Ten thousand years of GMO foods – making inedible edible

Ten thousand years of GMO foods – making inedible edible

One of the tropes of the anti-GMO movement is that nature does it better for food, a logical fallacy. In other words, they believe that our ancestors’ foods are somehow better than our GMO foods. Of course, this belies the fact that there are over ten thousand years of GMO foods – it’s really not something that showed up during the last century or so.

People seem to endow “nature” with a special status that is ridiculous. Evolution proceeds along a random process where environmental changes select for certain mutations over time (and yes, I’m oversimplifying the process), which is called natural selection. Moreover, there are random mutations that just occur that provide no benefit to the organism, although they might in the future because of some environmental change.

Nature has no goal. It has no guidance. It has no underlying value of good or evil. Unless you believe that some higher being controls it, and at that point, you’re a creationist, claiming that “nature” is better than the alternative is basically ridiculous.

So, we’re going to talk about how genetic modification has moved from the early days of waiting for a random, beneficial mutation to the modern world of genetic modification.

The ten thousand years of GMO foods

Ten thousand years ago, when humans first started agriculture by domesticating crops and livestock, they probably observed some wild foods were tastier, larger, or easier to grow. Without foreknowledge of artificial selection, they selected the better subtypes of wild foods. And maybe after many years of growing some grain, a random mutation made it larger. Or the fruiting body more delicious.

For example, wild wheat dropped its seeds near the plant to start the next generation of the plant. But early farmers noticed that some mutations (without knowing what a mutation was) made larger wheat. Or ones where the seeds stayed on the plant, making harvesting much easier. And the farmers then replanted seeds from the mutated plants, “selecting” for the traits that they wanted.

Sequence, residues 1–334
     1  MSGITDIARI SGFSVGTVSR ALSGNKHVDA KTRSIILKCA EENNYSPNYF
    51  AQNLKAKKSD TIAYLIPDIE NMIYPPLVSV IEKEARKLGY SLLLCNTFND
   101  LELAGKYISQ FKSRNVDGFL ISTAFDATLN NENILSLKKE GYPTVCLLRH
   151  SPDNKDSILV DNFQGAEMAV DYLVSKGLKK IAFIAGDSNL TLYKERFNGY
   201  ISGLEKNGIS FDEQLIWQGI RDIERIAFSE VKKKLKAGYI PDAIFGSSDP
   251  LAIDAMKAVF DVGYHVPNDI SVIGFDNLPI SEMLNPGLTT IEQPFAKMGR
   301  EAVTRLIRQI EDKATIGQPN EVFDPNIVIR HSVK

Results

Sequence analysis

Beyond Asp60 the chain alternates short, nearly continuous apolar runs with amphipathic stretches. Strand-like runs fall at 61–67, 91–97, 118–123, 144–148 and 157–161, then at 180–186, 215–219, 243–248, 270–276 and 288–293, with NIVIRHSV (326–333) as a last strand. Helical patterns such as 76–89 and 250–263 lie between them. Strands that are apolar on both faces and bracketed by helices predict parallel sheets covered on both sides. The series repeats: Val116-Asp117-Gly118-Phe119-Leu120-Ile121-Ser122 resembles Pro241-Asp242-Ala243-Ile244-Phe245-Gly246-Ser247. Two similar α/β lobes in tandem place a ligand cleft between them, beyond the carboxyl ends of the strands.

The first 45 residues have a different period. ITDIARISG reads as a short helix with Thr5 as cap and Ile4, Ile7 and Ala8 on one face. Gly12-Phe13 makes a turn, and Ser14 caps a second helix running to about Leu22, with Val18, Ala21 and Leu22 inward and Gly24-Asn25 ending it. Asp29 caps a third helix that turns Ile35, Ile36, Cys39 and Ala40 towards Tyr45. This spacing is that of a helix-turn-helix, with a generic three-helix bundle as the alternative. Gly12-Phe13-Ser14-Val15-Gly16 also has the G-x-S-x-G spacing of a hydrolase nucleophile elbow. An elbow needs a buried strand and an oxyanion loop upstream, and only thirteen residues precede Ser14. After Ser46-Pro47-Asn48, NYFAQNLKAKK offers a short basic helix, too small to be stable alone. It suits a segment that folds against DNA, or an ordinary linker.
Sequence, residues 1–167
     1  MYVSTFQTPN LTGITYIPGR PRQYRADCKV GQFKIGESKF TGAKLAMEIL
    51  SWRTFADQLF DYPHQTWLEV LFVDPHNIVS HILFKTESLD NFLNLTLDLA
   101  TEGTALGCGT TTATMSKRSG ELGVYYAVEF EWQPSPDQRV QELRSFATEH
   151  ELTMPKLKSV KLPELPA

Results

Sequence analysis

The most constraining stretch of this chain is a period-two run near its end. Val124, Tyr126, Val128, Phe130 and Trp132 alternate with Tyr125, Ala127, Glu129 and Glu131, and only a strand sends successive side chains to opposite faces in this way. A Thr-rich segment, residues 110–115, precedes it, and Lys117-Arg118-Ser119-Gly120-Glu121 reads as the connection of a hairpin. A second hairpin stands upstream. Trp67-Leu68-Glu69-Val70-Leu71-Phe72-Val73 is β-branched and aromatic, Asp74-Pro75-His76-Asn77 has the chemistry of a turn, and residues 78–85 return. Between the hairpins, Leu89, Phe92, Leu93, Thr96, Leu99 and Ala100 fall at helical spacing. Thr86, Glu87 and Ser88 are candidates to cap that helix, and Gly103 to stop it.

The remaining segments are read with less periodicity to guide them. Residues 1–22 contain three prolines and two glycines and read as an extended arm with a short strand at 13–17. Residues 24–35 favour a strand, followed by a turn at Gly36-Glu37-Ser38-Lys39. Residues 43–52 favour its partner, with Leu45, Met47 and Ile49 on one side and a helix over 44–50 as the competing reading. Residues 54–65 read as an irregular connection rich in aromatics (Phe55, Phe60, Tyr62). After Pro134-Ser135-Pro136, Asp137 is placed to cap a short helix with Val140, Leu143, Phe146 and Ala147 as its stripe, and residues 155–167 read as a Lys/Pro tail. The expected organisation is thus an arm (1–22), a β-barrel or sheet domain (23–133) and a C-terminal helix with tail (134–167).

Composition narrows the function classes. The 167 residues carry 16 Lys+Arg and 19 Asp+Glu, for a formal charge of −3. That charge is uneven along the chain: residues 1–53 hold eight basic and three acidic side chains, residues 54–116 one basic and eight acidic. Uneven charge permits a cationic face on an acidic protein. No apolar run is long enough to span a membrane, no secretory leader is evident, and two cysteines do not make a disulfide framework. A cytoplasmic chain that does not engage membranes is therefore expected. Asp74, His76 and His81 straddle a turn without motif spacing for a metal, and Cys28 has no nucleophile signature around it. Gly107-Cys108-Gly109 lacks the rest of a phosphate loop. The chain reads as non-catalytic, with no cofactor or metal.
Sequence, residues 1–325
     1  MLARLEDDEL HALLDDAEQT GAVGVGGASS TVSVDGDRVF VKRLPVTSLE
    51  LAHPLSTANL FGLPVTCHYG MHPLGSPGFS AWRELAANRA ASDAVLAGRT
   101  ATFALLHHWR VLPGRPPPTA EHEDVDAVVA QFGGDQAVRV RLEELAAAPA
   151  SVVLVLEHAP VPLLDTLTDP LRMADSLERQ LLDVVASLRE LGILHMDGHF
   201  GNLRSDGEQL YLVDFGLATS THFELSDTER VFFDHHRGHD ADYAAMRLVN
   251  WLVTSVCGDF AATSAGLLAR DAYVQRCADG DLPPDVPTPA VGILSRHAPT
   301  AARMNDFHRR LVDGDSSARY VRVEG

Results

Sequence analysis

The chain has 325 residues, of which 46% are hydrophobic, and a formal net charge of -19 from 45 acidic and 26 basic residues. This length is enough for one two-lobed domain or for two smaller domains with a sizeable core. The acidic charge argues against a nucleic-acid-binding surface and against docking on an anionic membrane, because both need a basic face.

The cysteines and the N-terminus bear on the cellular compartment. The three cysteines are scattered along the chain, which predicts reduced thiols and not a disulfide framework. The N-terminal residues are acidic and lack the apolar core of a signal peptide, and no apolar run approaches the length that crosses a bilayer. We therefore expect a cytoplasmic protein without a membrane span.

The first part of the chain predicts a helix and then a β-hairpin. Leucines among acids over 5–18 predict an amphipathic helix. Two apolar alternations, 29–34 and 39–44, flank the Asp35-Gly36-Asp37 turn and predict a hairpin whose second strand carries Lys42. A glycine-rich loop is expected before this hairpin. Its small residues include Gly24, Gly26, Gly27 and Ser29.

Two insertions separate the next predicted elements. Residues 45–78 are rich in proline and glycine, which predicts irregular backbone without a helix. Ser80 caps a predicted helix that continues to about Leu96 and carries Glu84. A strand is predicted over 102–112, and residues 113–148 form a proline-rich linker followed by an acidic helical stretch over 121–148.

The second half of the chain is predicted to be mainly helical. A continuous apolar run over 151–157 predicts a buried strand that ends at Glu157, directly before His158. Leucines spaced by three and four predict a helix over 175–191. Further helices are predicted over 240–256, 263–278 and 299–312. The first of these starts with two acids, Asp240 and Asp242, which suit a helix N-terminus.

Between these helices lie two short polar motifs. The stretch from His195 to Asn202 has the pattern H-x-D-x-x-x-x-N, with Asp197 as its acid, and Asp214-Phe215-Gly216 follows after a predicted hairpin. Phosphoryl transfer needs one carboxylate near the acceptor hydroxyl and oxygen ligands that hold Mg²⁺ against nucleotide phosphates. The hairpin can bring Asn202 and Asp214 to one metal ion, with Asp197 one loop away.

In other words, these early farmers were constantly looking for traits that appeared randomly, but made the food better. These mutations may or may not show up for generations – these farmers had no way to make the mutations appear faster, so they just kind of waited for generation after generation of plants (and also animals).

Now, some may dispute the fact that waiting for a “natural” mutation is the same as a modern genetic modification. Using the Naturalistic Fallacy, they’ll claim that all foods “ought to be” developed in some arbitrary natural manner.

But what is the difference between the genetic manipulation of our ancestors, who had to wait for the right mutation, or modern biotechnology, which finds the best mutation and places it in the plant? Not really that much, unless, and I can’t stress this enough, you think that “nature” has some supernatural power.

Let’s say we want a corn that resists some disease. We could grow thousands of different strains of corn, looking for the resistance. We can then wait for generations of corn to develop a mutation that causes the disease resistance. This could take decades, and cost boatloads of cash.

There are several methods to speed up the mutation rate, like exposure to radiation, but it’s still random. Maybe getting the right mutation is a 1 in one billion chance, and it may never show up.